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Afternoon tea begins anew at Moravian College

America’s sixth oldest college resumes tradition after 40 years

Afternoon Tea(Bethlehem, Pennsylvania) — After a nearly 40-year hiatus, Moravian College has resumed a long-held tradition of hosting an afternoon tea each semester. The tea provides an occasion for female students, faculty, administrators, and alumnae to gather for an afternoon of interaction and conversation, designed to stimulate mentoring opportunities for students.

The afternoon tea was hosted by Pamela Rokke, the first lady of Moravian College, on April 11 in the President’s Reception Room in Main Hall, a women’s dorm on the Hurd Campus of the College, in the historic district of Bethlehem. More than 90 women representing three generations of the College, enjoyed tea, crumpets, and petite sandwiches in Main Hall’s Victorian parlors, furnished with rare antiques and normally closed to the public and to the college. Surrounding Main Hall are buildings dating back to 1748, in which the women’s college was formerly housed.

Prior to 1954, when the men’s and women’s colleges merged into Moravian College, afternoon tea was a regular. The Young Women’s Christian Association of Moravian College for Women held weekly teas to “brighten up the darker days” of winter; the “Y” also sponsored two formal teas a year, one at the beginning and one near the close of the school year. In those days, the dean of the women’s college held the position of honor at the event, pouring tea for the young ladies in attendance. Although most attendees were female alumnae, students, or faculty at the college, one famous tea in December 1940 was graced by the presence of Archduke Otto of Hapsburg.

The Moravian Academic Women (MAW), who sponsored the event, agreed that now was a good time to revive the tradition. “This generation of college students is acutely aware of the importance of community and of creating and maintaining traditions. College life, indeed, often revolves around traditions. Why shouldn’t we restart afternoon tea now?” says Carol Traupman-Carr, ’86, and associate dean for academic affairs at Moravian. “Afternoon tea gives MAW the chance to engage the students out of the classroom, and to create more possibilities between female students and women on the faculty and in the administration. Our tea also helps us prepare our graduates to engage in the kinds of social functions, like gallery openings, receptions, and formal dinners, that graduates from prestigious institutions like Moravian College will undoubtedly attend in their professional lives.”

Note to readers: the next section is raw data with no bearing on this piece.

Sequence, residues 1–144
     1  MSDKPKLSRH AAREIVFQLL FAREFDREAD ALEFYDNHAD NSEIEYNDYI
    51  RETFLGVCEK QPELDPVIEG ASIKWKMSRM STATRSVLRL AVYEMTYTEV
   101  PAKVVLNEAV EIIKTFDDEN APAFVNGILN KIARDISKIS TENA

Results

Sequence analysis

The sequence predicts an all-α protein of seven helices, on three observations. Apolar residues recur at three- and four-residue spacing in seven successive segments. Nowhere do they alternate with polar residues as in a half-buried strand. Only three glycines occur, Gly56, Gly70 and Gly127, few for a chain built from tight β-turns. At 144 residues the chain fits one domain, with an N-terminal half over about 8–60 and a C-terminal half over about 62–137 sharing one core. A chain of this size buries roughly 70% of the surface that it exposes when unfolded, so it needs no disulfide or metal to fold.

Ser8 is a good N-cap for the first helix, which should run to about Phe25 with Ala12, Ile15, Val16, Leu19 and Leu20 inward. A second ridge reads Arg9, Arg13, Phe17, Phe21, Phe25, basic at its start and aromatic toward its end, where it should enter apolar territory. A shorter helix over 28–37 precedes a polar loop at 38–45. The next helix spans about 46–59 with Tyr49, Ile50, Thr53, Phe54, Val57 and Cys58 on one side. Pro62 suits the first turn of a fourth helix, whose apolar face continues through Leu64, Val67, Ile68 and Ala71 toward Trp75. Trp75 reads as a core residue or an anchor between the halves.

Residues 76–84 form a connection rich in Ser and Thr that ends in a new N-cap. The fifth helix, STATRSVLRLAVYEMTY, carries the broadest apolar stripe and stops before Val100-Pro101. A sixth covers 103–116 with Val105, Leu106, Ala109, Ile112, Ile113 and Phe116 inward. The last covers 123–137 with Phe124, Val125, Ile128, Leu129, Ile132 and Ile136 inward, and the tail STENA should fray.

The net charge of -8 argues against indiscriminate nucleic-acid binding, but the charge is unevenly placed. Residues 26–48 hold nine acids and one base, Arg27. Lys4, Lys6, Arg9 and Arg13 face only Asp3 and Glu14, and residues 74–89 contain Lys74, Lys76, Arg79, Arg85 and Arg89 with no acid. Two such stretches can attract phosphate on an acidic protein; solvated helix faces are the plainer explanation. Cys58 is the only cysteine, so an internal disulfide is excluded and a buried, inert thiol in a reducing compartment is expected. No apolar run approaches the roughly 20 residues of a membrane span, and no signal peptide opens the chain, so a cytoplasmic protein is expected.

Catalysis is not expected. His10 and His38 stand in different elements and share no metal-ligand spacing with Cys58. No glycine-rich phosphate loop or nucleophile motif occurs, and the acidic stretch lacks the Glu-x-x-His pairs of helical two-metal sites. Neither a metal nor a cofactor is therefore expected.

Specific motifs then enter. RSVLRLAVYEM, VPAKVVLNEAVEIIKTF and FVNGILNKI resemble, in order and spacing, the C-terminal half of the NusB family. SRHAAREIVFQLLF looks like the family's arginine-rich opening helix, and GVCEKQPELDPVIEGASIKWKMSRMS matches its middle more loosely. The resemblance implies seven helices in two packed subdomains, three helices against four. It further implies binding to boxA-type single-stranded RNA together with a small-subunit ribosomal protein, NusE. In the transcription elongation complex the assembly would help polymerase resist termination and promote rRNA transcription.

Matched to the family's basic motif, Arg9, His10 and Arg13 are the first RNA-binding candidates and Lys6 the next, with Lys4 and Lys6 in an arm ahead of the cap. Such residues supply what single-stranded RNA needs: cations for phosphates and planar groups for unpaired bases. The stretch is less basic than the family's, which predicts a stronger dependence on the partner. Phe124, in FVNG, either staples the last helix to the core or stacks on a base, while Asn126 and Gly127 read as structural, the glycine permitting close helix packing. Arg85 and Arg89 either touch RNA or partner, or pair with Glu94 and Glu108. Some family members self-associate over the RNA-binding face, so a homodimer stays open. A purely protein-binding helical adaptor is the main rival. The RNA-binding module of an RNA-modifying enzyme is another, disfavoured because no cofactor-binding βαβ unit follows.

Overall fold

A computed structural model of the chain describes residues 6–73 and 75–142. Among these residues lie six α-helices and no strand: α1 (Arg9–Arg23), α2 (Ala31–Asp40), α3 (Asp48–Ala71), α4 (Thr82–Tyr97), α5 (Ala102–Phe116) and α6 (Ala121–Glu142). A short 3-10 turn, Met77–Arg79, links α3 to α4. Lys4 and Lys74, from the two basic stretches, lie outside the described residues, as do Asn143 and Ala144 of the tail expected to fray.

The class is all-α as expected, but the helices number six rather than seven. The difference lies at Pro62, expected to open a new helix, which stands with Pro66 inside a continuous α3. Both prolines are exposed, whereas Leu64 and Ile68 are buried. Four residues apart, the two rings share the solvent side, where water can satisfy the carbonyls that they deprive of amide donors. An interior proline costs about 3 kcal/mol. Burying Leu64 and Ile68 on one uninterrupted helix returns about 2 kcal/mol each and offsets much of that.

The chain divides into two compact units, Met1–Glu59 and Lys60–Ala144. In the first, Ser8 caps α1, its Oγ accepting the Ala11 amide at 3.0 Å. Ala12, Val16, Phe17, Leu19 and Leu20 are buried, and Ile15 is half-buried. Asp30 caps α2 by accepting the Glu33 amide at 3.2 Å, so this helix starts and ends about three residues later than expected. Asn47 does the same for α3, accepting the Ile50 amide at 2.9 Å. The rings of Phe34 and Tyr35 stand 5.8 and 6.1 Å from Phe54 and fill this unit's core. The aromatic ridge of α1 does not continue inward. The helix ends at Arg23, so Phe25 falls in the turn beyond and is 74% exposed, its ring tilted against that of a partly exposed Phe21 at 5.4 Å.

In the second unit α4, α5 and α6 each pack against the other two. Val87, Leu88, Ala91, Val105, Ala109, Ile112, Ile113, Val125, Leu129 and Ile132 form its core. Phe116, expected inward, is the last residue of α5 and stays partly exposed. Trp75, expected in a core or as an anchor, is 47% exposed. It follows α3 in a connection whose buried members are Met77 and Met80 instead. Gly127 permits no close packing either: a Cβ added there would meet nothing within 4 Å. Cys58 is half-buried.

“It was delightful to see Moravian women in a setting so very different from the others in which we usually interact,” said Beverly Kochard, ’73, vice president for student affairs. “Conversations seemed more personal—sincere questions producing answers of substance about each others' lives. The location was a perfect choice. How many other venues have a history dating back 200-plus years, chock-full of stories about students from past eras and reputed ghost sightings? Here and there around the room, I heard women talking of looking into possible research opportunities and internships having to do with the building and the Hurd Campus in general. Oh, if the walls could talk!”

Jaime Marks, ’04, and a student member of the College’s board of trustees, offered this thought, “This may sound strange, but for some reason being in a room with so many intelligent and engaging women was empowering. Despite the fact that we are moving toward an equal society in terms of education and careers, there is a need to further strengthen female contribution to academics and the workplace. There is still such merit to recognizing the talented group of women that characterize Moravian and this tea was a great opportunity for that. It was nice to hear such excitement in the room as everyone shared their interests and involvement on campus.”

“The tea was a great opportunity for me to see not only my fellow women classmates, but also the professors I never get a chance to socialize with outside of class,” said Robin Kraft, a senior English major. “It was one of the best afternoons I've had at Moravian.”

The next tea is planned for November, and the hope is to continue the tradition once a semester. From the sound of it, that should not be a problem.

Moravian College is a private, coeducational, selective liberal arts college located in Bethlehem, Pennsylvania. Tracing its founding to 1742, it is recognized as America's sixth-oldest college. For more information, visit the web site at www.moravian.edu.